📜 The Fed v. The ECB - Who's Driving Global Yields? (w/ Juliette Declercq)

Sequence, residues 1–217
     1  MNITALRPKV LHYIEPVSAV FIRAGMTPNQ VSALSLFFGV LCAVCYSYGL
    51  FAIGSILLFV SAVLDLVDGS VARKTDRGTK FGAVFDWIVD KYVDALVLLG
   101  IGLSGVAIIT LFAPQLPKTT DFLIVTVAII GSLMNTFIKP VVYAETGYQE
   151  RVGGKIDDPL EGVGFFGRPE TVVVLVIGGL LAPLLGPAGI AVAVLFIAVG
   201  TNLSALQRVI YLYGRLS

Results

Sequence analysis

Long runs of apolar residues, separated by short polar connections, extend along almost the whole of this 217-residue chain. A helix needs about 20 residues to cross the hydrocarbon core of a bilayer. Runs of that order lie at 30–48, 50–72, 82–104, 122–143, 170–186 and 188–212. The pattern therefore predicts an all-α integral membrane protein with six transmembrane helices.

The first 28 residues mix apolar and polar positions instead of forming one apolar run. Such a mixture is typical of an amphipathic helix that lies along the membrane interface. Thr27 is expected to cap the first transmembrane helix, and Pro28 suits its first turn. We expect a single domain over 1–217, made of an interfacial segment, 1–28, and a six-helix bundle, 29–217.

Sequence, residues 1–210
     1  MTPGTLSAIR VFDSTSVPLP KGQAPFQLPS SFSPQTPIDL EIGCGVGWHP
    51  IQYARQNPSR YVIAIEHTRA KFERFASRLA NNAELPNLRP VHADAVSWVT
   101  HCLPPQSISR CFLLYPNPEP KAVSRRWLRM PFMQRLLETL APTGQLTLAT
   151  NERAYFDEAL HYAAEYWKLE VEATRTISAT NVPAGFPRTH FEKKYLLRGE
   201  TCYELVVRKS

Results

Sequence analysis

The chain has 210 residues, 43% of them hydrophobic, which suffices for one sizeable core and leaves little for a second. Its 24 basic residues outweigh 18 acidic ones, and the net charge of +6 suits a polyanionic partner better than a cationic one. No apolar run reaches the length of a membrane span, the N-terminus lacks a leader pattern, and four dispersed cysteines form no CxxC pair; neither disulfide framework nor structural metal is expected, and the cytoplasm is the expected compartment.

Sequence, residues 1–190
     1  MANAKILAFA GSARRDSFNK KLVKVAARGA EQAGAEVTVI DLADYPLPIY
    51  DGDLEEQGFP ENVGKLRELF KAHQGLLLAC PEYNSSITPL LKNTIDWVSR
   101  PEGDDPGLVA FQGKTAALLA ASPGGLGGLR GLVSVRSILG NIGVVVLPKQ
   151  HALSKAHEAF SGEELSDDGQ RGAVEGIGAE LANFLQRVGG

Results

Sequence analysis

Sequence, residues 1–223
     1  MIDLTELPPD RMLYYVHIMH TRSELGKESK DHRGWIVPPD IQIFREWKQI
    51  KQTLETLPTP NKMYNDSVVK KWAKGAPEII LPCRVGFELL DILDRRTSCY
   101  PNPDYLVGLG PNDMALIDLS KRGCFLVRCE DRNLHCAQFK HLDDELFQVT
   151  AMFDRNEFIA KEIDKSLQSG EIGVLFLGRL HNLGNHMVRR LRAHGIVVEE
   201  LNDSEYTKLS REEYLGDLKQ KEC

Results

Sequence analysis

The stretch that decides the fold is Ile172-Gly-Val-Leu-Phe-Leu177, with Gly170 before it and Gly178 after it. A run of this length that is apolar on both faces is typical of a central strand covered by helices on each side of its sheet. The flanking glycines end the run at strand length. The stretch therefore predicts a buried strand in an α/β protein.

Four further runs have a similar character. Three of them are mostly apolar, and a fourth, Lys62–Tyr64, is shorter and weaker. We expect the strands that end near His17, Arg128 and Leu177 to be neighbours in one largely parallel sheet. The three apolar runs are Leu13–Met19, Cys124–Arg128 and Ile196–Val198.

JULIETTE DECLERCQ: Firstly, thanks for inviting me back. I founded JDI Research about five years ago now. What we try to provide is a wide array of clients with a strong and accurate global macro outlook to feed into a top down strategy for whatever investment process they might be trading. I also have a unique 20-year experience in both portfolio management and strategy, which I think enables me to connect the dots from the micro strategy to actionable trade ideas. That's what made the success of JDI Research for the past five years now and give us one of the highest hit ratio in the research industry. Really, it started in 2018. Mid-2018, we started to recommend short inflation breakevens. Then from December last year, long 5-Year bonds, and there was two main reason for that which were not linked to China. Firstly, I think that quantitative tightening directly feeds through lower global liquidity, and naturally, low slower global activity. That's exactly what happened this year, and that was very easy to accurately forecast. The second thing is that the Fed really tripped into the trap that Trump put last year by increasing the real equilibrium rate, but only temporarily. What's really interesting is that the Fed actually at the time did totally take on board that real equilibrium rate was higher. They went into coding it short term equilibrium rate. What's interesting is that in 2019, the concept of short term equilibrium rate totally disappeared. You had basically, Fed hiking into rising equilibrium rate of, I would say, 1% in 2018, which basically dropped to zero, by the middle of this year just on gross converging to its potential, which I see around 1.7% to 1.8%. The problem is the Fed did forgot that it was a real, a short term equilibrium, and they were late to cut again. That really Fed's through my view that the Fed was going to start cutting from mid-2019. That's exactly what happened. Now, we've talked about the pas, I think no one is sitting in front of the screen to talk about the past. What I would like to discuss is really what's happened this summer. I think what happened this summer is that we got into a vicious cycle, where lower rates actually were calling for lower rates, even lower rates. The reason is that we look at microeconomics, not models, assuming that human behavior will be rational, and the rational idea when you have forward guidance and central banks telling you that rates are soon going to be zero or even negative, the rational behavior, at least in Europe is to readily jump at the last opportunity to get a positive yield. The issue with that is you get rational individuals turning into irrational collectivity, collective behavior. That means instead of having a model where lower rates mean high investment, and lower saving, higher spending, you actually get people like you and me thinking, "What am I going to retire on if I can't get any returns on my retirement funds?" You just save more. I've seen it, I don't know if you've seen it as well. Clearly, that's something that you can see on the charts, and something that's actually turned. They're actually saying that we've reached the reversal rate in Europe about three years ago and in Japan about five years ago. What that means is you've got real rates becoming lower rates and negative rates actually becoming contractionary. The more you lower rates, and the more you need to lower rates, and that basically causes the explosion in negative yielding debt that we've seen over the summer. That's basically what's happening in Europe, where negative yields actually become contractionary. What it does in the US as well is that it spreads like fire, it spreads into more inverted curve and that can in itself, as we both know, be self-fulfilling, and lead to recession. That's very much what happened this summer and the groupthink, irrational collective thinking. The way I started thinking is, when I heard Kansas City Fed, George, welcoming fellow central bankers in Jackson Hole saying, "Don't feed the bears." That's exactly the way I'm thinking at the moment. If you basically keep cutting because markets demand cuts, and that's what the ECB has been doing and it's, in itself, very detrimental not only to investment, but also to demand, then you're basically feeding the bears. What's needed in an effective liquidity trap is government spending to basically offset private saving, to effectively load the global saving glutes to be offset. The interesting part, especially in Europe, is that also the debt to GDP ratio have exploded since the last Global Financial Crisis by about 15% to 20%. Actually, the interest expenditures percentage of GDP has absolutely collapsed to all-time low. That's really interesting, especially in the context of Mrs. Lagarde now taking over the ECB. Actually, the IMF just put out a paper reviewing what's happened with NIP and the fact that they were also advising fiscal austerity at the same time, and they've been arguing that, clearly it was wrong, and that you can't just have monetary policy, you also need fiscal policy. Otherwise, it's just completely counterproductive. What I'm thinking is it's very much what's happening at the moment. There is really realization that debt to GDP ratio are becoming quite irrelevant, if you can fund negatively. You've got the French looking to cut taxes for the lower middle class by 9 billion already next year, the Germans are looking to do a climate saving program, the Dutch are also looking at the investment program. More importantly, as well, French and Italian governments are now back in love. I think that can really lead us towards more fiscal policy, especially with Lagarde having the political clout to properly explain why and how this needs to happen. Another thing that is really interesting on that side is that the Germans might not like spending, but what they hate even more is negative yields. I think that is thinking that is really spreading in the rest of Europe as well and that's really the main problem. That's a really great question, because for the first time, as far as I can remember, I actually think the Fed is much less important in terms of thriving global yields. What we've really had and what I thought what happened, so we knew two things. Firstly, that NIP is not working. Secondly, that sentiment is spreading on the fact that it is not working. It's quite a big U-turn this summer because just before Sintra in June, and there was an ECB paper, looking at the fact that negative interest rates were still working. The reason is that the central bank was looking before at the supply side of credits. What I mean by the supply side is our banks still lending and because banks were still lending, they were just assuming that everything is fine. Obviously, they failed to really look at the demand side of credit, which is that you and me saving much more, which means that their models are broken. The second thing to look at as well is all these insurance, pensions and et cetera. As far as yields continue to go down and you can keep getting a capital appreciation, everything is fine. When you're not getting capital appreciation anymore, when we stall, you're basically left with negative yielding assets and that's an even bigger problem. I knew on one side that there would be a U-turn in terms of thinking that monetary policy on its own can be portent. I strongly believe that monetary policy needs to work in cooperation with fiscal policy. That's something that I'm not on mown, thinking about at the moment. The second thing I knew was that we were pricing 42 basis point of cuts at the end of August on the [inaudible] curve. We were basically pricing that lower rates forever were going to be the answer to the next downturn, which I thought was completely wrong. What I recommended at the end of August was to get out of long fixed income and look to stop selling bubbles, so Germany 5-Year at minus 93 basis points. What I knew as well was that a lot of the US curve as well, was the 1.43 prints in the 10-Year Yield in the US wasn't due to escalation of the China versus US conflict. It was, in my mind, mainly driven by expectation of the bazooka that Draghi was going to come for in in September. For me, that was the mind blowing risk reward trade where you know on one side that the ECB is not going to respond markets expect them to respond, and that it will basically drive rates everywhere else in the world. I think that's really what happened. What we've seen is a decompression of term premia just on the basis of, "Okay, we're done with the vicious cycle of lower rates, calling for lower rates, and now, we're going to look for something different." Suddenly, we don't really know what that different thing is going to be. What we do know is that the dispersion of risk is not one way as we saw it was in August. I think that was really the gamechanger in terms of monetary policy. Sometimes, a trade that is just a great risk reward because you can see the different dispersion of risks than what market is pricing, which is really how the trade started at the end of August in short bubbles. Sometimes, this trade, which is initially completely tactical, can become a bit more strategic. I'm not calling for a global boom. Clearly, that's not my point. What I do think is that we had a few game-- also gamechangers in September that were not all linked to monetary policy. The first thing maybe would be Brexit. I think there was a gamechanger in September with Brexit. With Boris Johnson losing his majority in Parliament by more than 40 MPs, suddenly, the DUP wasn't the kingmaker anymore. That's a big deal, because it means that a potential deal with Europe can involve Northern Ireland on the backstop whether it is by having agriculture deal, or something like that. That would also allow Boris to basically go with the Canada-style agreement that he's been looking for. The second thing is that the Lib Dems have been going, basically, we want to remain if there is a general election and we win, we want to remain and we're going to call off Article 50. That's a big deal for labor, because that means that if there's a general election before UK is out of the EU, Lib Dem becomes irrelevant. If it's after its labor, that it's so becoming irrelevant. I think that's the gamechanger in terms of getting Labor MPs to basically vote for the deal eventually because they want the election of after being out of the EU. That's two things. The third thing is probably that Macron and Michael definitely want to get done with Brexit. I think Macron doesn't want the second part of his mandate to be all about Brexit, he wants to be the post-Michael who is basically leading Europe to different macro policy, whether it's fiscal, and obviously, in very close contact with Mrs. Lagarde, as well. That's for breaks, basically, much higher chance than we had in August of soft Brexit on 31st of October. That's obviously really important for Europe. The second really important gamechanger which very few are talking about, is that the same reason I was calling for US yields to go down from December last year because of global tightening and the fact that US monetary policy was too tight for the rest of the world. Well, suddenly, we've seen US ISM collapsed and effectively converged to global PMIs. I think a lot of traders, portfolio managers saw the below 50 print in ISM manufacturing as that said recession is coming. Actually, I thought, brilliant because US is converging to the rest of the world. That means we're going to have global policy, which is going to be much more appropriate for the world. If you look at a chart that we love to look at, you'd actually end-- you're going to be showing on screen, you can actually see that the mini cycles that we've seen for the past five, six years, have been driven by the differential of activity between the US and the rest of the world. Meaning when the US does well, it plunges the rest of the world into a slowdown because the Fed has to hike rates and obviously, 80% of global transactions are still in dollars. That's the other gamechanger that basically US is converging to the rest of the world which means the Fed, given the Fed is going to be just doing what markets are pricing. That means monetary policy, global monetary policy is going to become appropriate. The third gamechanger which I identified after the Biarritz G7 is that clearly, initially, I thought it was just Trump who just would be taking a much softer stance with China, but it appears that China is willing to play a game as well. I think something happened after that Friday where there was huge escalation and in my head, it was really capitalization, then the G7 happened and we got them, 2% down in stocks. Suddenly, Trump came out and like, "I got a call from China." I think what's really clear that is that the US's main weakness is its financialization, meaning the economy is going to be extremely linked with the stock market. That means if you get 5% downside in stock markets, the economy's not going to be as resilient as it was last year, especially given Trump can't come out with another fiscal plan before the next election. That really just told me that as a dealmaker, it would make a lot more sense to get a much softer tone. I think that's really what happened. I'm not saying there's going to be a great deal, I think it's just going to be a cosmetic deal, but really, what's important is we don't get escalation. That's three gamechangers following a major gamechanger, which was the fact that the ECB wasn't looking to keep digging a hole for itself if you prepare. Firstly on the ECB, I was actually amazed to see my view completely validated so quickly. I actually thought it was going to be Draghi not saying too much and then Lagarde coming out with, "Look, monetary policy is not really working anymore. At the minimum, we need cooperation." Actually, Draghi just came out and suddenly, it was not about monetary anymore. Every single question was about just spend more money. That was really the interesting part. Also to the question about whether we had hit the reversal rates, he was much less optimistic than he was injured and saying, clearly, it was going to be something that would be discussed in the future. Also, obviously, the QE infinity is an enabler for more fiscal policy, it's giving a white card to government to spend. I think the message from the ECB was extremely clear and I didn't expect that it would be so clear. If you look at what's happened in the US, for example, the cyclical versus defensive move has been completely in line with the repricing of the Fed. I think we've priced out 30, 40 basis points, that's exactly in line with the rebounding in cyclicals versus defensive. That's a lot of to look at in terms of figuring out whether it's going to be a shock, a yield shock, and a mini tantrum, or whether it's a positive thing. That's really telling me that it's a positive thing. Obviously, European stocks have been trading really well since the ECB and that's being led by banks, which is the interesting thing as well. I think talking about the dollar and Eurodollar, the interesting thing is that it puts less pressure on the Fed to deliver immediate cuts because if the ECB is not cutting anymore, not digging its hole anymore, then suddenly, you get some support for euro versus dollar, which means, "Okay, the Fed is still relatively quite hawkish and the dollar is supported, but it's not making new highs." I think that's really what we've seen in September. What I've been recommending since-- also end of August was short Germany 5-Year, I got out of long US as well. I'm feeling very bullish European stocks. I think that ship, they're very leveraged to the global cycle, which I think was to bend towards imminent recession. I think there's a possibility that we have another mini cycle. I don't see huge vulnerabilities within the US or in Europe, or at least not as much as what the market chatter is about. I like European stocks. I like short bonds in Europe. I think one of the theme that's going to be really interesting is monetary policy in the US where it's easier to sustain the price cuts than obviously, in Europe, so we're going to have Europe doing fiscal versus US doing monetary. I think that's going to keep the dollar from strengthening much. I think that will keep you off supported and eventually means a higher euro. I don't think that's an imminent story. In terms of US the fixed income, I think we've probably done 75% of the move in terms of decompressing premia, I would be looking to reenter 10-Year Yields closer to 2% and to basically run the trade short bubbles versus long US. I think that could be something that really starts trending into next year. Well, we've literally seen almost nothing now so far in terms of convergence, because it was really, the first part of the move was term premia decompression. In fact, I think the US has moved more than Europe since the beginning of September. I'm not exactly sure about that, but I think it does. I think that's the first step. I think the second step is basically, US is still-- there's no imminent recession, but we're still going to be slowing down. I don't have any question about that. I think probably, we're currently around zero in terms of real yields. I think probably equilibrium would be a bit negative. I'm still looking for another cut, at least, this year. That really should fit through the new theme, which is Europe fiscal versus US monetary. Oh, we'd be looking for a steepening there. I think we're still pricing too much negativeness around Europe. If you really look at what's happened in Europe, the interesting thing is that a lot of the weakness has been completely driven by Germany, and Germany manufacturing. The thing there is that Germany has by far the largest fiscal space. I think in Germany, you could basically run deficits up 2% per year and still keep your debt ratio stable. That's almost a no brainer. If you start seeing employment going down in Germany or unemployment going up, I think straight away, you can resort to fiscal policy. If you look at the services sector in Europe, everywhere, it's actually been trending up for the past six months. We've had a little bit of a coming down at the beginning of the year, which was totally making sense, but we've actually been trending up in services. I know there's a lot of the narrative that manufacturing always leads services but this time, it's not. I think we've got the biggest divergence and on up the top in front of me, but I think we've got the very large divergence, which is unprecedented in terms of our long way, we tend to reconverge. I think it could be well explained by the fact that everything is based around China and the trade war, and manufacturing, but right now, it's clearly not spreading. I think China is trying to join the reflation party, but not to benefit the rest of the world. I still don't think that we're going to see the same big upturn that we've seen in 2016-'17, or even 2009, we're not there at all. What's happened in China is, firstly, the leading indicators have picked up six months ago, and they tend to be six months leading. We actually-- and also, in September, which was another force gamechanger, maybe, is they've really joined fiscal to monetary as well, by accelerating the ROE cuts and really moving forward the investment quota. I think China is not going to be having a big rebound, and especially not for the rest of the world, because I think they really want to be focused on domestic consumption. What I think as well as we could be stabilizing as well there, meaning we're not going to get a big rebound, but we're not going to see anything much worse. We'd not rule inflation out, especially not in the US, and what I saw- and I've been always deflationary, I've been recommending short inflation for the past number of years. What's really interesting in the US is that Powell yesterday, was still absolutely talking about muted inflation. We're worried about that, when we now have core CPI running on an annualized basis as 3.4. That's nothing to be another Fed would have been starting to be a little bit worried about that, especially given the consumer is really driving inflation. Of course, that could just be temporary. I wouldn't totally rule out a bit more of an inflation burst in the US. Then I think it's a good thing that the Fed is going slowly, because the risk would be that suddenly, the curve steepens and that would be the real risk as to assets, financial assets, and eventually, a recession risk. I can see a reason why you wouldn't go and cut 50 and steepen the curve, weaken the dollar. You might lose control of-- a little bit control of inflation, and eventually, steepen the curve, and basically crush assets. It could take a long time, but it could get priced quickly. We're in the middle of budgets at the moment in Europe, no one is going crazy, for sure. I think there is a move to simplify the physical rules in the EU. That's one important thing. Looking toward some more of in the future, I think what we could have is Lagarde has been talking about central bank issued digital currency. When it was first floated two years ago, the idea was that, you and me would have money at the central banks and so I'm not talking about Bitcoin or anything, I'm just talking about you and me having money at the central banks, at a public entity instead of a private entity. What they were thinking at the time is that they could basically cut rates as far as they wanted because they don't have the same constraints as a bank. I think that idea is completely gone now, because of what we explained them before that it would be totally contractionary. The way you could use it is basically by doing people QE and that's one thing that was actually mentioned in Draghi's press conference, and he did say that it would be something that would be part of a strategic review when Lagarde comes in place. That's an interesting thing. Then you're just talking about different countries, different policies, but in Japan, you could easily have monetization. Basically, monetization is debt financed by QE, which is very much already possible, but Japan is not using. It might sound really controversial, but actually, it was very widely used before the '80s. It's been used in France, Italy, UK, and Sweden. It's not really that controversial, it's just that then we got the inflation going out of control and we went into the '80s, really wanted central banks to be independent and with a strong inflation mandate. That's the different forms that we could be thinking about, people QE, monetization. You could have governments having an account at the central banks as well, which makes the whole fiscal program much more nimble, and much more, in terms of moving markets expectation, much more transparent, because the problem at the moment is everybody's asking, "But what are they going to do? When are we going to know it? But the Germans, they still want to spend? What's that program? What is it going to do, like climate change program? What exactly does it mean?" I think if you had basically a government account that can be basically filled by the Central Bank, also means that the central bank's not losing its independence, then suddenly we'd be like, "Okay, we can see it, maybe recession is not tomorrow." I think we are at a really interesting crossroad, whether it's Brexit, whether it's China, US, the US election, the ECB and the C-change in monetary policy and I would urge you to call me and navigate those rough waters together in the future.